Leifer's most celebrated adult photograph: Muhammad Ali standing over Sonny Liston after a first-round knockout in 1965.

Leifer’s most celebrated adult photograph: Muhammad Ali standing over Sonny Liston after a first-round knockout in 1965.

Many have called the 1958 championship game “The Greatest Game Ever Played.” The 23-17 Colts victory marked the first use of the NFL’s sudden-death overtime rule, and the game is credited with sparking an enthusiasm for professional football that helped the NFL overtake baseball as America’s favorite sport.

A much-admired sports photographer, Leifer is most noted for his boxing images, which include dozens featuring Muhammad Ali. He was a staff photographer for Sports Illustrated from 1972 to 1978 and later worked for TIME and LIFE.

DECEMBER 28: The indigo girl

ON THIS DATE in 1722, Eliza Lucas was born in the British West Indies. At 16 in 1739, she began trying to grow indigo in South Carolina. The eventual success of the blue-dye-producing plant would provide a huge boost to the state’s economy.

An indigo plant and the blue dye it produces.

An indigo plant and the blue dye it produces.

It took Lucas five years to harvest her first successful indigo crop, but her determined efforts resulted in a product that proved a much-needed moneymaker for South Carolina growers. The area’s economy had slumped after tobacco, the previous leading cash crop, drained the soil of nutrients. The success of indigo harvesting, and the high demand for the blue dye extracted from the plants, put many plantations back in the pink.

Lucas’ accomplishments were all the more remarkable considering she was overseeing the family plantation and looking after three younger siblings by herself. Her mother was dead and her father, a British army officer, had been sent back to the West Indies. With all her responsibilities, Lucas never stopped believing in her stubborn crop. “I make no doubt indigo will prove a very valuable commodity in time,” she wrote in 1741.

She was right. According to historian Edward McCrady, “indigo proved more really beneficial to Carolina than the mines of Mexico or Peru were to Spain.” In the years before cotton became king, indigo was South Carolina’s second-most-profitable crop, after rice. This, said McCrady, “was the result of an experiment by a mere girl.”

DECEMBER 26: U.S. private captures 13 Germans

Hendrix receives the Medal of Honor from President Truman.

SEVENTY YEARS AGO today, nineteen-year-old James R. Hendrix single-handedly captured 13 German soldiers during the World War II Battle of the Bulge.

The 5-foot-6-inch private snuck up on two enemy foxholes on the evening of December 26, 1944, shouting “kommen heraus,” or “come out” in German. When one German stuck his head out, Hendrix “let him have it.” He struck a second German soldier, hitting him over the head with the butt of his rifle, and shouted “kommen heraus” a second time. Thirteen Germans emerged from their foxholes and surrendered.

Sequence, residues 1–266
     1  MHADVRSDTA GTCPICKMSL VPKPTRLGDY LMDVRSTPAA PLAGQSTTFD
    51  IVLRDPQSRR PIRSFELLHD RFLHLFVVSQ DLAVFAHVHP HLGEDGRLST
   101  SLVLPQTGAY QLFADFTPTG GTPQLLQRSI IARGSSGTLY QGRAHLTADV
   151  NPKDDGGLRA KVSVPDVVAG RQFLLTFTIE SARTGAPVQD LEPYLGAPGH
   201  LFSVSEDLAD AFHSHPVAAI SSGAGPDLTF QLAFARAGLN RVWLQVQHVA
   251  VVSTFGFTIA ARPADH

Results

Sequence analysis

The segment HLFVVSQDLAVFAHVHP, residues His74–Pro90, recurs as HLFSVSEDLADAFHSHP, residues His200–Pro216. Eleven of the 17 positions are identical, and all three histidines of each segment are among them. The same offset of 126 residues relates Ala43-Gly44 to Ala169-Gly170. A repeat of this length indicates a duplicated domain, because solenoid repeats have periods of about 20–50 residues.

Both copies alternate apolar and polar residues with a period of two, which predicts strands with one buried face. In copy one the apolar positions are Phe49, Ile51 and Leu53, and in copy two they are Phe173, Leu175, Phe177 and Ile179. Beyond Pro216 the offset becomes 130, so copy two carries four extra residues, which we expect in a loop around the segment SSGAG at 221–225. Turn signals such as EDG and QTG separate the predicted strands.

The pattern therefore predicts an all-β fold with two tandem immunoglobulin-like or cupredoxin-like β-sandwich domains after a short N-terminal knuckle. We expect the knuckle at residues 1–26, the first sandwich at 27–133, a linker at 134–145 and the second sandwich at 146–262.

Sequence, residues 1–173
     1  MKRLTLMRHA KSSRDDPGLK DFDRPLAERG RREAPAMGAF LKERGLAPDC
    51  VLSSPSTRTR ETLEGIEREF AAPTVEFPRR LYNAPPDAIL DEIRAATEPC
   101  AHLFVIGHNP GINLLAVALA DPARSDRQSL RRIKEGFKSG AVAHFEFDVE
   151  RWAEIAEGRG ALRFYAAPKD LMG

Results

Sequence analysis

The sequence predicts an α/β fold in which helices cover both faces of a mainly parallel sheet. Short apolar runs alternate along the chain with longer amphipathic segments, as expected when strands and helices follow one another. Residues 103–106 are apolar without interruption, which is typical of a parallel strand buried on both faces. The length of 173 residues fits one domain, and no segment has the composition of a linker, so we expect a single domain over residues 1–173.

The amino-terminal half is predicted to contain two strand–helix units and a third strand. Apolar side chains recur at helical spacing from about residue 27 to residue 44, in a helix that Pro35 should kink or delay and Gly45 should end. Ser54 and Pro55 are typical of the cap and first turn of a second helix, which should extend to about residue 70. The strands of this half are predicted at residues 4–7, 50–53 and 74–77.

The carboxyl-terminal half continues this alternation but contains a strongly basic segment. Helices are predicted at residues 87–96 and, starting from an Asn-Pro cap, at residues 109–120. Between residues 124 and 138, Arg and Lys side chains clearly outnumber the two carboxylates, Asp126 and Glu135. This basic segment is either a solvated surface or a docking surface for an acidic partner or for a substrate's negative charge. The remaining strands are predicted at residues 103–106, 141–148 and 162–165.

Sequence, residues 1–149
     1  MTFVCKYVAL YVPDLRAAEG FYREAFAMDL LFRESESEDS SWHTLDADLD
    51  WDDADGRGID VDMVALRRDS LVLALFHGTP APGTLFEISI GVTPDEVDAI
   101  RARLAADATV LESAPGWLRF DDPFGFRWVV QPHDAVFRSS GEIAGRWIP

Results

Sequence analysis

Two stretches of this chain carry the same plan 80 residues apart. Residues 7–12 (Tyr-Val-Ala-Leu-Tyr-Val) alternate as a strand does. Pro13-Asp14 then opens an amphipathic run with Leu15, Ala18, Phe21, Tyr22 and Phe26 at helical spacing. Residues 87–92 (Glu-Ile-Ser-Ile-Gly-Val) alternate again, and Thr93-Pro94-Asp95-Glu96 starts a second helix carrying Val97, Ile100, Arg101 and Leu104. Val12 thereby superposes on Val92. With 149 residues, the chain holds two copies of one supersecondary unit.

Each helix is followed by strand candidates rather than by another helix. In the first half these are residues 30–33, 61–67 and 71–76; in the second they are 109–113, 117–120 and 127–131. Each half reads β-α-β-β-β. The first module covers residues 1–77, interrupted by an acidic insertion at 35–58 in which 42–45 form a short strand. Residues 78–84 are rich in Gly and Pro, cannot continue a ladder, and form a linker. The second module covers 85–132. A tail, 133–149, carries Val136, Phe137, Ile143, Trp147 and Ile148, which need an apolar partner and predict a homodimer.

‘I wasn’t being brave, and if I had ever heard of the Medal of Honor, I didn’t pay it no mind,” Hendrix told The Saturday Evening Post in 1945. “A feller just figures if it’s his time, it’s his time, and that’s all there is to it.”

Hendrix, a native of Northeast Arkansas, received the Medal of Honor from President Harry S. Truman at the White House on Aug. 23, 1945. His citation praised the private’s “superb courage and heroism.”


the-exorcistDEC. 26, 1973: LINDA BLAIR, fourteen, appears in The Exorcist, released this day. She will receive an Academy Award nomination for her performance as a possessed child. Blair emerges as the teen-problem-of-the-week actress of the mid-1970s, first by appearing in 1974’s “Born Innocent,” a TV movie with a rape scene so graphic and disturbing that the network had to slice it from future viewings. She also stars in 1975’s “Sarah T: Portrait of an Alcoholic.”

“Frail-looking little woman” brings landlords to their knees

pauline.newmanABOVE: Frail? Pauline Newman was one tough labor activist.

ON THIS DATE in 1907, The New York Times reported on a “frail-looking little woman” who had gathered 400 females in what a sub-headline called a “crusade against grasping landlords.”

Led by sixteen-year-old Pauline Newman, the New York strikers sought a reduction of 18 to 20 percent in rents due to a depression that had thrust more than 100,000 people out of work. After 15 days, the strike ended with 2,000 families receiving lowered rents The strike also introduced the concept of rent control, which would be implemented in the 1930s.

Two years later, Newman helped organize the Uprising of the 20,000, an 11-week general strike in New York’s shirtwaist industry.

She worked for the International Ladies’ Garment Workers’ Union  for more than 70 years and was also active in the women’s suffrage movement.